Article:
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Maze Green Road
Immediately next to the college main entrance is Maze Green Road; narrow, winding and lined with tall fir trees at its start. It leads to further college buildings that include the college dining hall, boarding houses and preparatory school but the first building you arrive at is No1 Maze Green Road, part of the original school building erected in 1868. The setting here is idyllic, academia blending effortlessly with suburbia – even the Headmaster’s office and that of the Bursar are accommodated in a private house (No 10).
According to the notes of former town historian J.L. Glasscock (HALS*), reference to this road first appeared in 1396 when it was called Mesegrene. It has also been referred to as Moresgreen Lane (1645); Musgreen (1649); and Munshall or Musgrene Lane (1671). In 1596 it was also called Wayte Lane because it led from the ancient Waytes Cross to Mase Green [sic].
For a long period of time, however, it was more commonly known as Pest House Lane, the name possibly originating from the 16th century when plague – also known as pestis – struck Bishop’s Stortford. The town was visited by the plague on three occasions in all, the first being the bubonic plague in 1349 of which time there are few records. But at the time of its second visit, between June 1582 and March 1583, it is known to have claimed 60 lives in the area. Those who were ill of plague were segregated and interred a suitable distance away from the town in a building at the top of this road called the Pest House. It is for this reason that we assume Pest House Lane was so named.
There are, however, other suggestions for it being named Pest House Lane, but more particularly Maze Green Road, each of which is equally plausible. In medieval England every town had its Pest – or Lazer – or Leper House situated just outside its boundaries. The name for a Leper was ‘mezel’ (pronounced mazel), and a Leper House would have been called a Lazer House, or Mezel House. By this token, the green at the top of the road may well have been the site of a Leper House and called ‘Mezel (or Mazel) Green’.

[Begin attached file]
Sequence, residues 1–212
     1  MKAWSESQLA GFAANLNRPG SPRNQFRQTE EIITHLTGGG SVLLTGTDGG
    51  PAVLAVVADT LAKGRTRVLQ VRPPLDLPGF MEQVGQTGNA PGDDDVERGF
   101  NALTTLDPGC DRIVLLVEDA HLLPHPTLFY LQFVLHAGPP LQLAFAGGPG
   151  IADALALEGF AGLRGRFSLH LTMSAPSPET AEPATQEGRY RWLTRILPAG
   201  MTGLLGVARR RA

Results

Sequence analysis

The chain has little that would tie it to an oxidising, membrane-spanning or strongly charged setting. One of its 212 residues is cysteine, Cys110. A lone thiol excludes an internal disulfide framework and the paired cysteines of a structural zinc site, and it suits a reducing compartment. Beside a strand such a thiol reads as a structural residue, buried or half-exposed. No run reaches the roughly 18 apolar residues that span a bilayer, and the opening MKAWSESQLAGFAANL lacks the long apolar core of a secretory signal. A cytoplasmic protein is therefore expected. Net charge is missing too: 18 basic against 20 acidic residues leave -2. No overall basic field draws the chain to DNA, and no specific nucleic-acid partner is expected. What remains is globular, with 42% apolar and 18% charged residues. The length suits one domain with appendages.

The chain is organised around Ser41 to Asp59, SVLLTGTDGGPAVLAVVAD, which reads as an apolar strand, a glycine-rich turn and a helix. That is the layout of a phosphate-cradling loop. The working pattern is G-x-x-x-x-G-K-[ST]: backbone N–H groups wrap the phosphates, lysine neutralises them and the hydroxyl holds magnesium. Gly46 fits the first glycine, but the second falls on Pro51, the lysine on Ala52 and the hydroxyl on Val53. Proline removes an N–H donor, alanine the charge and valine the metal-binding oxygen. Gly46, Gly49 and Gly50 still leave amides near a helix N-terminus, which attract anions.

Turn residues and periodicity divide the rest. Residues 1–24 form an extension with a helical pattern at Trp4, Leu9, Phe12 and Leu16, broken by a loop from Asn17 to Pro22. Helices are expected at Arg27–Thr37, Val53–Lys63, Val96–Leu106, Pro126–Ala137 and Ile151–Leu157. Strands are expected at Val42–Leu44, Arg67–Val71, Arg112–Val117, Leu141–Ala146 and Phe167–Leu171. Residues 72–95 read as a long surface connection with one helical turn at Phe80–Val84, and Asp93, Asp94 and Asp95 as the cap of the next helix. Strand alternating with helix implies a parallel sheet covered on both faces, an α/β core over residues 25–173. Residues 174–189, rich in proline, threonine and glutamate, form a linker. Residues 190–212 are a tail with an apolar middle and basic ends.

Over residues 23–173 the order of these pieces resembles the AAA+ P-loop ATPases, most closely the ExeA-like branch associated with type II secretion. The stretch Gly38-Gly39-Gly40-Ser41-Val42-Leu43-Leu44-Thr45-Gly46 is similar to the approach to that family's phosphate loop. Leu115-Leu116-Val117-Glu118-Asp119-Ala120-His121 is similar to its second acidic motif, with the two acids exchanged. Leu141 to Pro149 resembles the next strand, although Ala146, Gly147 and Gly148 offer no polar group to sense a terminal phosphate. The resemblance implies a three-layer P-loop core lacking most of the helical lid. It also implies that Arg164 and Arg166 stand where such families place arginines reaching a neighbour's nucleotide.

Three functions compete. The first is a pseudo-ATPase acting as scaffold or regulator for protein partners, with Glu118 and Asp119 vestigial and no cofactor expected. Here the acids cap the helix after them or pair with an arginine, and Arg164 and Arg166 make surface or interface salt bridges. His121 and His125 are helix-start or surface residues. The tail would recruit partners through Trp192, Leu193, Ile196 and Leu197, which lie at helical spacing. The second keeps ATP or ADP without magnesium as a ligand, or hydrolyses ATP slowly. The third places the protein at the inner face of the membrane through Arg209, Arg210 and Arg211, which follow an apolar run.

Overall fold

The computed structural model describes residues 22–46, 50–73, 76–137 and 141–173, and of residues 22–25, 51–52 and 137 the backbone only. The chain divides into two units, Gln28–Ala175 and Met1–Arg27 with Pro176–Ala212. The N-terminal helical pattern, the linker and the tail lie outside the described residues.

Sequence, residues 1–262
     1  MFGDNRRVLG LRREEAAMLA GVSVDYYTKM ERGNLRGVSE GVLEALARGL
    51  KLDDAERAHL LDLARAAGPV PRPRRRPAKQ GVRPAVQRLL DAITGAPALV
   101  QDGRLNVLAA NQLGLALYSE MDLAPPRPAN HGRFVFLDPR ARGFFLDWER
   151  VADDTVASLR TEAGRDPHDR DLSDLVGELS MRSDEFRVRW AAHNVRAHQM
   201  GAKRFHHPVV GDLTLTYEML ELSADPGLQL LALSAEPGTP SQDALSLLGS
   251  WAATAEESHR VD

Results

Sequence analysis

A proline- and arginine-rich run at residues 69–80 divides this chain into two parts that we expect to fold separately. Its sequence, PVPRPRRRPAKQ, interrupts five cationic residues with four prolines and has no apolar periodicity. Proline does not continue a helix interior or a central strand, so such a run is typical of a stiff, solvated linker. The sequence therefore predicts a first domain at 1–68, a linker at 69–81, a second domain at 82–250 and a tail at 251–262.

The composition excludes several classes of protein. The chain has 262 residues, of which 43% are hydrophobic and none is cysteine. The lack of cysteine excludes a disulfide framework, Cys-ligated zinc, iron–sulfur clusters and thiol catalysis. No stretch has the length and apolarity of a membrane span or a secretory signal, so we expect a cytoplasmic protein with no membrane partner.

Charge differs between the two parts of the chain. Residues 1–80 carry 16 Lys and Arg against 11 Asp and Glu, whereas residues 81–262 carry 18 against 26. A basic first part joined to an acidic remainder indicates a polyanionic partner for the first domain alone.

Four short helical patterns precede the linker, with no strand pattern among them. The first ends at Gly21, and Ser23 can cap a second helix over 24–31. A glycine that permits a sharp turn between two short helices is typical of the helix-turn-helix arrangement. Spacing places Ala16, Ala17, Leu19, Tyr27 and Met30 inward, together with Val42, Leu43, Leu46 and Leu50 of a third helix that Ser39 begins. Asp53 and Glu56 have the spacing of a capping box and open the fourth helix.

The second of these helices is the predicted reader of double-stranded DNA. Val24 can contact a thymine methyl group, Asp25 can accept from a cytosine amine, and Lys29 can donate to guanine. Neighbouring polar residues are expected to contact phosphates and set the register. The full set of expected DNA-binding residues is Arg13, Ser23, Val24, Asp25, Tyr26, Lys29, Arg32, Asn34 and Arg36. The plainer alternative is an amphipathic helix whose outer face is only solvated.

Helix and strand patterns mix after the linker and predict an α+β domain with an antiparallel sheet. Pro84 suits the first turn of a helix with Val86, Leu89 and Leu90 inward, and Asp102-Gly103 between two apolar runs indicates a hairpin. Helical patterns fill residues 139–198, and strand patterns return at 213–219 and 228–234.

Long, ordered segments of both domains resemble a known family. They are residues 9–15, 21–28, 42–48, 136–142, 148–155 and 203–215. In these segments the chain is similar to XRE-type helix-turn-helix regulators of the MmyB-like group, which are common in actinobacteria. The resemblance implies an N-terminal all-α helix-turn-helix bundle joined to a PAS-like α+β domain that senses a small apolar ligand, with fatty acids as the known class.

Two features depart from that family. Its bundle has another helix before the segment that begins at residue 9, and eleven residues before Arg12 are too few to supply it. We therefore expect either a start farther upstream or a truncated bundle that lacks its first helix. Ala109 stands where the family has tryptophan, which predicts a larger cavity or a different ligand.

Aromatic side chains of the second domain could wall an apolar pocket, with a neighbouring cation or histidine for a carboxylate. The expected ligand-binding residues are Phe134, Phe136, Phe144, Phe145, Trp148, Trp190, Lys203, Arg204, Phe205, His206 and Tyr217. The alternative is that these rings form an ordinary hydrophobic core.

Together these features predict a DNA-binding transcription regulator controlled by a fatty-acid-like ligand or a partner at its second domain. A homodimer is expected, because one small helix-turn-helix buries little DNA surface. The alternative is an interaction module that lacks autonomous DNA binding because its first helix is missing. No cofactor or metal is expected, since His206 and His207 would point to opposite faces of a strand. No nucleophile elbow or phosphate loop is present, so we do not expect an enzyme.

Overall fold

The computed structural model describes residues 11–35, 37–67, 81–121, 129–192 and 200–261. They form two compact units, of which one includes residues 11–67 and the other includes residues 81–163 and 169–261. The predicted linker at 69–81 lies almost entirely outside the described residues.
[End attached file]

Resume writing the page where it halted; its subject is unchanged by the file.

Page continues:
Another suggestion is that Maze Green Road was named as a direct result of the plague’s first visit to the town in the 14th century – the medieval word ‘maze’ or ‘mazed’ said to be interpreted as a ‘muddled mind’, which was just one of the effects the disease had on people. It’s feasible, therefore, that the green at the top of this road was used as a place of internment for plague victims and named ‘Maze’ Green for that reason. In fact, both suggestions would tie in with the earliest reference to the road (1396): Mesegrene, as in mezel (pronounced mazel), referring to a Leper House; or Mesegrene, as in Maze Green, referring to the ‘mazed’ effect the 1349 plague had on its victims.
If this is true, then it would seem the name Pest House Lane originated at the time of the plague’s final and most devastating visit to the town. In the wake of the Great Plague that struck London in 1665, it reached Stortford in July 1666 and raged for a full five months. The church register records 231 related deaths in 1666/67 – at that time one sixth of Bishop’s Stortford’s population – but the total may have been much higher because not all victims were buried in St Michael’s churchyard. Church records also show that during the outbreak, one William Barnard was paid 6d. (2 1/2p) ‘for making of “O Lord have mercy upon us” on doors’.
Despite the Pest House being pulled down in 1834 as a result of the Poor Law Ammendment Act (See Guide 10 – Workhouse), the name Pest House Lane was retained until the late 1800s when its original title was then reinstated – fortunately before the College became fully established. Locally, though, it was still referred to as ‘The Lane’ until the late 1920s. Where the actual Pest House stood later became the site of the town’s water works but in the early 1990s was redeveloped for private housing.
*(HALS) Hertfordshire Archives and Local Studies
In 1347 news reached England of a terrible disease that was sweeping the Continent. Named the pestilence, it had seemingly begun on the island of Sicily, devastating the population, then crossed to mainland Italy where it rapidly spread throughout the country causing countless deaths particularly in Florence and Venice. It also crossed the Mediterranean to Marseille, where it established a base, and from there spread throughout northern Europe.